The Delete Key Is Killing Your Magic

Draft first, edit later!

Stock photo model is neither drafting nor editing, simply hovering.

I’m going to write this post without hitting my good old friend backspace (expect for typos, I need that key for typos). And I’m absolutely not allowed to use the delete key at all while I’m in the drafting process. Because I’m fully convinced as of today that the delete key is the reason I’m not writing. Or, I should say, why I haven’t been writing.

Today I wrote my first new poem since May. I wrote it simply because I refused to allow the deletion of ideas. It started out as a blog post about small talk. It ended as a poem about climate change. Normally, I would have edited while typing my first draft, immediately erasing any bits of writing that cropped up as weird and wrong and misdirected.

(I think here the modifier I was actually searching for wasn’t “weird,” “wrong,” or “misdirected,” but rather “off-topic.” And now I see that “off-topic” to me stirs up words with connotations much closer to guilt and shame. This slip is my point.)

Lightbulb moment: I’m really judgy when I draft, and that’s not fair to the writing my writing could be.

Hitting delete for me is in some ways an admission of shame for the writing I’ve just written. Oh god how did that possibly come out of my brain and fingers make it stop, says the backspace. What if someone see this what if these words are the only words I have what if that idea is stupid or old or what if I just find the perfect word instead yeah I’ll bet I know the perfect word I just need to stop until it comes to me. Sound familiar?

When you start writing, you don’t yet know what you’re writing. You might know where you’d like to go. You might even know stops you’d like to make on the way. But you can really only know what you’ve started to write.

Stock photo model writes, “I will not delete while writing,” endlessly in notebook. Allegedly.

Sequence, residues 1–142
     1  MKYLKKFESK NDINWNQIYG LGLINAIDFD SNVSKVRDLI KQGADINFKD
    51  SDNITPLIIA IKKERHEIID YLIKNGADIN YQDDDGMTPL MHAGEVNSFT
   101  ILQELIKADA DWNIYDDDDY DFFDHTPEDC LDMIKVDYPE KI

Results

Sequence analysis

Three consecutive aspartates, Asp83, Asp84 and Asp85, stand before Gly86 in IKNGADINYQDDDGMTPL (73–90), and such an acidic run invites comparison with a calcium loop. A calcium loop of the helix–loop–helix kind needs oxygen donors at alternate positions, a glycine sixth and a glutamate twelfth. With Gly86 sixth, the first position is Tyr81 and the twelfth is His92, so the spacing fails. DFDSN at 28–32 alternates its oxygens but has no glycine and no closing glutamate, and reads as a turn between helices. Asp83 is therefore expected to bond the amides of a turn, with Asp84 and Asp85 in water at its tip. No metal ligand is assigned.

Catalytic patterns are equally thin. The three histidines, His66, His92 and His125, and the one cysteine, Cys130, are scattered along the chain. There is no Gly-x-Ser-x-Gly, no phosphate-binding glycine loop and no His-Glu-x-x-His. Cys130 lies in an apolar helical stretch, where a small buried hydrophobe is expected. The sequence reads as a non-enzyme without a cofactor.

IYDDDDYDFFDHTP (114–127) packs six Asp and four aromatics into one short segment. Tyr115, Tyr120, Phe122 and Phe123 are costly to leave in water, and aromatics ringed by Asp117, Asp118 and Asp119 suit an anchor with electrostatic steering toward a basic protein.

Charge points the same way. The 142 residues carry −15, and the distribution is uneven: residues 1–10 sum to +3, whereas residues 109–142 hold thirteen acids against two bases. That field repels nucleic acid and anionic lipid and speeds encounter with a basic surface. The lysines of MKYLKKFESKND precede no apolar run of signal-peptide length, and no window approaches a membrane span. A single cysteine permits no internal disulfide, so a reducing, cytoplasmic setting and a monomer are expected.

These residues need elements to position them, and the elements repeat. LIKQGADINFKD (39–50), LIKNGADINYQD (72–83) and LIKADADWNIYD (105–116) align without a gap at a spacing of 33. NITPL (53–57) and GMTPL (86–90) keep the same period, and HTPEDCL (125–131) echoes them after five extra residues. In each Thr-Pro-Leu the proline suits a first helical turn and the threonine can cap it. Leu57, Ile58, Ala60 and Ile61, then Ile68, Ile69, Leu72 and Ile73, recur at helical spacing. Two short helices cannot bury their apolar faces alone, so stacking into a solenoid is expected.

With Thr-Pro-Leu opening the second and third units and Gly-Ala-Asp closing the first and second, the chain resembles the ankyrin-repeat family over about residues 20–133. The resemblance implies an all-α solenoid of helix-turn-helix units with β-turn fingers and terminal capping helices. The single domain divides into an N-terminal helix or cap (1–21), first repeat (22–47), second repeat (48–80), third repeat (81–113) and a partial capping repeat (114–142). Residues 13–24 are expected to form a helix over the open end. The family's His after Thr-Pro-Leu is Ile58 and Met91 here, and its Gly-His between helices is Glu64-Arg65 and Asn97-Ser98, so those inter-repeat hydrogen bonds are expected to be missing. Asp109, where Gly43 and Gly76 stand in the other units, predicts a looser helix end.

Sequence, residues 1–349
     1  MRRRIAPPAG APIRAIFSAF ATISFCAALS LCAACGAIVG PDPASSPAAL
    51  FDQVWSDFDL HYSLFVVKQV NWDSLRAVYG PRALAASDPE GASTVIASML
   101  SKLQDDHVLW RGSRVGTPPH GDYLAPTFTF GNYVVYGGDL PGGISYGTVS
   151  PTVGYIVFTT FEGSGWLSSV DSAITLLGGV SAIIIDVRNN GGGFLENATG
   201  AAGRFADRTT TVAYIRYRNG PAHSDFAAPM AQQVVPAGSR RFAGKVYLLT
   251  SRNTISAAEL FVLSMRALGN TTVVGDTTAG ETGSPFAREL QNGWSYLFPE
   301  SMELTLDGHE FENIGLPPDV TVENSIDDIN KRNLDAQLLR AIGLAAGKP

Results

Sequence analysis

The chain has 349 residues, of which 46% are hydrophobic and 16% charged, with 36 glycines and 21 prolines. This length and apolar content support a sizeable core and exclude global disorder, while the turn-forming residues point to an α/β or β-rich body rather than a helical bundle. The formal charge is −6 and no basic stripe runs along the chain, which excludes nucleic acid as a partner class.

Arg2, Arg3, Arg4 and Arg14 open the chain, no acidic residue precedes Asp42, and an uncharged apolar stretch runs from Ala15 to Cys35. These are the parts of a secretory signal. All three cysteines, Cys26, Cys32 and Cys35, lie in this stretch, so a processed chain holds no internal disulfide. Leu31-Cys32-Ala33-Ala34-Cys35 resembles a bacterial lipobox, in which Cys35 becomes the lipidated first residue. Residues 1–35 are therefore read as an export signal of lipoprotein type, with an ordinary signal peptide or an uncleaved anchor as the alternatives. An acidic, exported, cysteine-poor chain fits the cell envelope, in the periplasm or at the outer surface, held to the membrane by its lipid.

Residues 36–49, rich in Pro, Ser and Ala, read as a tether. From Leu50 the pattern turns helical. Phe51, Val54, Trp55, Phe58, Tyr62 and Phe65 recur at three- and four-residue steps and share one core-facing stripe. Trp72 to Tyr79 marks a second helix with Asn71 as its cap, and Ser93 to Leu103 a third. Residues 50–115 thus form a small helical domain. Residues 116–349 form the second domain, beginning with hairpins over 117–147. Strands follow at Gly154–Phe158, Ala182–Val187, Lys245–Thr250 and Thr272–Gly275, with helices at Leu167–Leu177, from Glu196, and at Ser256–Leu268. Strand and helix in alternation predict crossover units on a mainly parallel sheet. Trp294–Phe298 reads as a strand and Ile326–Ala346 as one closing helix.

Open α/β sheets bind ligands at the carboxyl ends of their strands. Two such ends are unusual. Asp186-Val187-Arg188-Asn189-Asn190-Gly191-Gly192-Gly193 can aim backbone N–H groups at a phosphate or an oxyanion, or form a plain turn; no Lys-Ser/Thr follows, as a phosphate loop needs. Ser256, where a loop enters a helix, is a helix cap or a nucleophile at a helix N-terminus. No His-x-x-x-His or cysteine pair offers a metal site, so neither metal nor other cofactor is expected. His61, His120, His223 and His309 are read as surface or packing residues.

The delete key (or lack thereof) is why writing in a notebook can be so successful. Crossing out your garbage words in a notebook doesn’t truly erase them. It just blocks them from sight for a little bit. You can always dig back through the discarded language and thoughts to better understand your process and intentions. You might even salvage a few treasures.

But every backspace is an interruption of your flow and a permanent step away from a tangent your brain wanted to access. By deliberately avoiding real-time editing of first drafts, you can achieve notebook-quality drafts on a keyboard.

Picture this angry octagon the next time your finger creeps toward the delete key on a first draft. STOP!

I’m not saying, “Never hit delete while drafting,” and I’m definitely not saying, “Don’t edit.” (Edit. Please, edit.) But if you’re having trouble producing a first draft, now is a great chance to remind yourself that a first draft is just that — the first. There will be others. Many others. Those are the ones that help your fingers wear down the letters on that delete key.

For now, just open up a blank document and hit any key but delete.